Whose Style Is It Anyway? – DancehallMag


From Skillibeng and Rytikal, to Vybz Kartel and Alkaline (+many more), the style theft assumptions have been a sore debate for many. The Dancehall audiences often struggle to determine who they feel originated a particular sound. An unnecessary debate to say the least, as music is collaborative and inspiration based, thus most things are recycled.

Still, for those who are concerned about theft, there is a way to secure intellectual property. We can’t change the nature of music or how it is made, but we can police it. Outside of that, it truly is pointless to harbor strong feelings about it. This is something that’s been happening before many of us were born and will continue to happen after we pass on. Does the term “Nothing New Under The Sun” ring a bell? Well, let’s take a light trip.

Dancehall emerged in the 70s from the cultural aggregate of Jamaican lifestyle, on the heels of the maturation and international acclaim of its sibling genre: Reggae. Jamaicans decided it was no longer the aesthetic (Ragga/Reggae) that was the core of the experience, but the space where we gathered to express ourselves, enjoy the music, and commune. We decided, perhaps unconsciously that the core of the experience was communion, and thus, roughly 30 years after the birth of actual Dancehalls in the 40s, the genre was born.

Founding DJs include Big Youth, U Roy, Al Campbell, Don Carlos, and more. The 80s saw the birth of stars that would ironically name themselves after movie stars like Charlie Chaplin, Lone Ranger, Josie Wales, and more. Wales first sired a protege that would later be known as Shabba Ranks.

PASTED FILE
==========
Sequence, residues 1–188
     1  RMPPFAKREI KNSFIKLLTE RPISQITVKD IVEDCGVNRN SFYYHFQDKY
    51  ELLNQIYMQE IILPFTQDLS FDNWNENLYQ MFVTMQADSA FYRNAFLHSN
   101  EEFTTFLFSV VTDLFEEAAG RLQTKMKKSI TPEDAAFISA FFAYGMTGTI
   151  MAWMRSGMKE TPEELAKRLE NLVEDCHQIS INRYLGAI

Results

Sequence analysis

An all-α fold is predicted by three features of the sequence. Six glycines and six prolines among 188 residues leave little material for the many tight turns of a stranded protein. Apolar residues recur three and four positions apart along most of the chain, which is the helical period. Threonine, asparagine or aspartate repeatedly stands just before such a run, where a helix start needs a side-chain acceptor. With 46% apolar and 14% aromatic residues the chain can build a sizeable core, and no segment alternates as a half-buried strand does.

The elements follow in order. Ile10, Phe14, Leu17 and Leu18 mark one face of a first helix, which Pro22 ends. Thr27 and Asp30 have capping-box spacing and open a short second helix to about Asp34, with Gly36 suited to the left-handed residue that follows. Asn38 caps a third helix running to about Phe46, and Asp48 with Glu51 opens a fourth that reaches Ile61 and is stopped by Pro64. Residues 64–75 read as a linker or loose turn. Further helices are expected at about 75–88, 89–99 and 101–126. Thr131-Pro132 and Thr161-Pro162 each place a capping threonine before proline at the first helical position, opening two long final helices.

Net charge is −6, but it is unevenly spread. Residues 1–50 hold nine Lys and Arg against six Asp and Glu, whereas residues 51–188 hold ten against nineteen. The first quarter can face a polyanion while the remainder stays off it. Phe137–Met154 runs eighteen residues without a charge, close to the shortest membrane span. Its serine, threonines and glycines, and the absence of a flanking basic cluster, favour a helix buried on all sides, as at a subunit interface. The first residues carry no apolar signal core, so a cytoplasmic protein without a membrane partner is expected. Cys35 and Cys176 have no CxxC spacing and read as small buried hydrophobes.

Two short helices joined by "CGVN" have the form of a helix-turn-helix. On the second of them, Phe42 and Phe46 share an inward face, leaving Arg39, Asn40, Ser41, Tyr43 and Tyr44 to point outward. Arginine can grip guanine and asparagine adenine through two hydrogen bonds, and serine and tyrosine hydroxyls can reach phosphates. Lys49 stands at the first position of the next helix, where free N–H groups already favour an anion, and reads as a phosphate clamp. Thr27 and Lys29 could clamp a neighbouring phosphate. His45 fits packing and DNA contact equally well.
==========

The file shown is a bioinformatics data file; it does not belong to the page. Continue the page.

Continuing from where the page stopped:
Shabba went on to become one of the most unique and successful artists of the 90s, with two Grammy Awards and gold for the Just Reality album produced by Bobby Digital Dixon. Dixon, as a side note; was the originator of the Dem Bow riddim which featured heavily on Shabba’s record. The Puerto Rican market heard the riddim and became so enamored with it that they used it to create an entire genre called Reggaeton, which rightfully speaking, all credits belong to Bobby Digital.

Shabba Ranks

Shabba’s style was very particular, it was embracing of the grit and strong aura that his thunderous voice exuded. He somehow created a character to perfectly match the sound and feel of his voice.

Fast forward to 1992, a young deejay by the name of Bounty Killer emerges with a slightly similar image, and a voice booming with bass. He was a product of the street and so the street accepted him, he quickly became a champion for the people. Yet, there were those who insisted that he was appropriating Shabba Ranks’ entire image and style. This, naturally but unfortunately created a distance between the two.

In 1994, another young deejay by the name of Merciless, broke into the scene with the hit song Lend Out Mi Mercy, which audiences determined was stylistically similar to Bounty Killer. Accusations of style theft abounded, which again created a rift between Merciless and Bounty Killer. A rift that ended in 2000 when the two recorded No One Cares.

The soundscape of a genre that remains as current as Dancehall is ever-shifting and the artists/musicians are the ones responsible for these shifts. These shifts in the sound are often born out of a group setting where several contributing parties conceptualize a new way to develop the sound. Music is very collaborative, and because so many people are always involved in the process, when a shift happens, several people come away with the ability to wield the new sound or at least how to pass on the knowledge to someone who will.

This is perhaps the root of the style theft wars. It is certainly the variable which dictates that this phenomenon will never cease. There is even evidence to support that it might create a spike in inspiration, innovation, and therefore variety.


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